Tag Archives: Super Bowl XLII

Will Giants use ‘big plays’ from scrimmage to upset Patriots in today’s Super Bowl?

David Tyree at the Giants Rally after victory ...

David Tyree... Image via Wikipedia

Sports Stats ‘on Tapp’ is a biweekly blog published every Wednesday and Sunday with a bonus “SIX STATS…” posting every Friday.

Here’s some food for thought as you prepare for today’s Super Bowl…

When the New York Giants upset the New England Patriots in Super Bowl 42, the Giants accomplished something that only two teams had previously done in Super Bowl history: They did not allow the Patriots to have a play of 20 or more yards from scrimmage. The only other teams to accomplish that feat were the Miami Dolphins in Super Bowl 7 and the Dallas Cowboys in Super Bowl 30.

In the Giants Super Bowl 42 win, their offense had three “big plays” from scrimmage (plays of 20 yards or more) in the game. In the second quarter, Eli Manning completed a third-and-seven pass to Amani Toomer for 38 yards. In the fourth quarter there were a pair of “big plays” from scrimmage. On first and 10, Manning hit on a 45-yard pass to Kevin Boss; and later, the play of the game, when Manning connected with David Tyree on a third and five with a 32-yard completion. The big question is, can the Giants again hold the Pats to no “big plays” and hit on a few of their own?

With “big plays” from scrimmage as the focus (again, we’ll define a “big play” as a play from scrimmage for 20 or more yards), here’s a look at how “big plays” have played an important role in the previous 45 Super Bowls. For the record, there have been 318 “big plays” from scrimmage in the previous 45 Super Bowls (an average of just over seven “big plays” per game).

* Of the 318 big plays in the Super Bowl, 177 (55.7%) were by the team that won the game. In 25 of the 45 games, the eventual Super Bowl winner had more big plays than their opponent; in eight of the games, the teams had the same number of big plays. Teams that allowed no big plays or only one in the Super Bowl have won nine and lost only once. Teams that allowed two or fewer plays of 20 yards or more from scrimmage are 17-9 in the Super Bowl.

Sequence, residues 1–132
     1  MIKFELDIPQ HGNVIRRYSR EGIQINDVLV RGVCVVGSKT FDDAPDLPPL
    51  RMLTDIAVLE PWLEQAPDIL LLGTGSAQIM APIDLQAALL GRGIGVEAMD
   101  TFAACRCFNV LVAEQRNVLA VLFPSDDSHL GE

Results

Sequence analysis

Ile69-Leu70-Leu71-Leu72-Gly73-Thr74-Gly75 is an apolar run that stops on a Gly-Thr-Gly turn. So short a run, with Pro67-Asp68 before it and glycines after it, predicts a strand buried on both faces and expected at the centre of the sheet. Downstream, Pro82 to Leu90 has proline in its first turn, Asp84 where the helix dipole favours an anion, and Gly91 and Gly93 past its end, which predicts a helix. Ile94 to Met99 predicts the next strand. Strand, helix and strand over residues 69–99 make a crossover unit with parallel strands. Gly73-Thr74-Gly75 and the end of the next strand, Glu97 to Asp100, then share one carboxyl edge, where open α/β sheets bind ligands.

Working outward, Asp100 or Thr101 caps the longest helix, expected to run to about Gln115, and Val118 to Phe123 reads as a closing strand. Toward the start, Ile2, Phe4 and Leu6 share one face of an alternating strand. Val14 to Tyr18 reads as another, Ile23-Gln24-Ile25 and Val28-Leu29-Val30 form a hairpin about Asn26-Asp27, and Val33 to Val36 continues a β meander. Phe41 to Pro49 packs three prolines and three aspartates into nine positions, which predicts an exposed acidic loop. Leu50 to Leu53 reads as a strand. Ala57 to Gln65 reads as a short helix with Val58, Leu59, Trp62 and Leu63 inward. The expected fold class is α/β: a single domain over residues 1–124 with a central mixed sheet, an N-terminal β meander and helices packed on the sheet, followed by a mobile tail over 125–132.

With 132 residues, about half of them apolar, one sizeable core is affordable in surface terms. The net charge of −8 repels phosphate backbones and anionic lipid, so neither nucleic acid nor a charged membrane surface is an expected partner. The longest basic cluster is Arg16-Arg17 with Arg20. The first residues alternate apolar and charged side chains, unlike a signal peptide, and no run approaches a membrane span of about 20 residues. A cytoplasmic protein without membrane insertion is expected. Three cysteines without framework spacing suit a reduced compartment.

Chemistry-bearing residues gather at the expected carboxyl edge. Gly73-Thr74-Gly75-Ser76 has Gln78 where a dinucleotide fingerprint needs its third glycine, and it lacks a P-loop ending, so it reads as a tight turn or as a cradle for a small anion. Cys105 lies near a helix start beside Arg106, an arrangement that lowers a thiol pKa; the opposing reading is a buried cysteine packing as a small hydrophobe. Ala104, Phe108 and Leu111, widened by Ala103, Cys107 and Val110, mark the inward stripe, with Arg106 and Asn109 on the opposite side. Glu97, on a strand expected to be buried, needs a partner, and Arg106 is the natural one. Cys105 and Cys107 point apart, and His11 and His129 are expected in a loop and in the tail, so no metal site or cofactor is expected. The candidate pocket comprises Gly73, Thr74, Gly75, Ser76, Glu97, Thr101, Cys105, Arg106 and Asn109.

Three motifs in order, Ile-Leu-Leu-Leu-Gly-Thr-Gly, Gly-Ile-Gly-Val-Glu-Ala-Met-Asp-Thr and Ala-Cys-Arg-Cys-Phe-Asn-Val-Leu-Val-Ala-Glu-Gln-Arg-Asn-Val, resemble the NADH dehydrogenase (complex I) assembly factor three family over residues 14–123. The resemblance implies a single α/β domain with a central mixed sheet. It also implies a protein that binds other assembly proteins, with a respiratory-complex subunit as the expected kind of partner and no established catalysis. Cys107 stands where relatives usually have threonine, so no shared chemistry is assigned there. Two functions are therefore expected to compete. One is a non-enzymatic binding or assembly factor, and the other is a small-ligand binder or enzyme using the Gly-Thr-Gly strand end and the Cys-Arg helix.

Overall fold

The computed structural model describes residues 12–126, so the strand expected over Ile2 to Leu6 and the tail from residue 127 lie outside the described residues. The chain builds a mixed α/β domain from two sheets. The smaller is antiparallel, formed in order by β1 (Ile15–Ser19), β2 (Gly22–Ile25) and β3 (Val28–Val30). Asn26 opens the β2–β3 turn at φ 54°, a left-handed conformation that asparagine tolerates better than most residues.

* Of the 318 big plays, 94 (29.6%) happened in the fourth quarter. Fifty-one of the those 94 were by the team that lost the game (making big plays to get back in the game?)

* In 31 of the 45 Super Bowls, the team that won also had the longest play from scrimmage in the game. In the last 10 Super Bowls, however, the team that won only had the longest play from scrimmage in four games.

* Of the 318 big plays, 81 of them happened on either third or fourth down. Of those 81, the team that won the game had a big play on third or fourth down 51 times. In the 34 of the 45 Super Bowls, the winning team had at least one play of 20 yards or more from scrimmage on third down. Losing teams only had a play of 20 yards or more from scrimmage on third or fourth down in 20 of the 45 games.

* Of the 318 big plays, 63 went for touchdowns. Of those 63, 41 of them were scored by the team that won the game.

* Super Bowl 22 (Washington vs. Denver) had the most plays of 20 yards or more from scrimmage with 17. The Redskins had 10 big plays in that contest, most ever in a Super Bowl.

Will Patriot’s four-win regular season margin over Giants be a repeat curse?

Super Bowl XLII logo

Image via Wikipedia

Sports Stats ‘on Tapp’ is a biweekly blog published every Wednesday and Sunday with a bonus “SIX STATS…” posting every Friday.

Not only is this year’s Super Bowl a rematch of Super Bowl 42, but another interesting thing about this rematch is that one of the teams playing in the game won four or more games more than their Super Bowl opponent during the regular season. When New England and the Giants met in Super Bowl 42, New England was coming off a perfect 16-0 season, while New York was 10-6 in the 2007 regular season, a difference of six wins. That six-win difference is the biggest between Super Bowl opponents in the history of the game.

This year’s game features the Pats who won 13 games and the Giants who won nine, a difference of four wins.

Will the result of the game be the same, with the team with fewer wins during the regular season coming out on top?

Here’s a look at the Super Bowl match-ups that featured opponents with the largest margin of wins during that regular season.

Season   Teams                                                                        Win diff.

2007         New England 16-0/New York Giants 10-6                       6

1985          Chicago 15-1/New England 11-5                                         4

1967          Oakland 13-1/Green Bay 9-4-1                                           4

2011          New England 13-3/New York Giants 9-7                         4

1972          Miami 14-0/Washington 11-3                                             3

1979          Pittsburgh 12-4/L.A Rams 9-7                                           3

1986          New York Giants 14-2/Denver 11-5                                  3

1989          San Francisco 14-2/Denver 11-5                                       3

2001          St. Louis Rams 14-2/New England 11-5                          3

2003         New England 14-2/New England 11-5                             3

2008         Pittsburgh 12-4/Arizona 9-7                                              3

Note: Of the 10 times previous to this year’s Super Bowl (where one of the Super Bowl teams won three or more games than their opponents during the regular season), seven of the teams with the better record during the regular season won the Super Bowl. The other three times when the team with fewer wins in the regular season won the Super Bowl: the 2007 Giants (10-6) over New England (16-0); 2001 Patriots (11-5) over the St. Louis Rams (14-2); and the 1967 Packers (9-4-1) over the Oakland Raiders (13-1).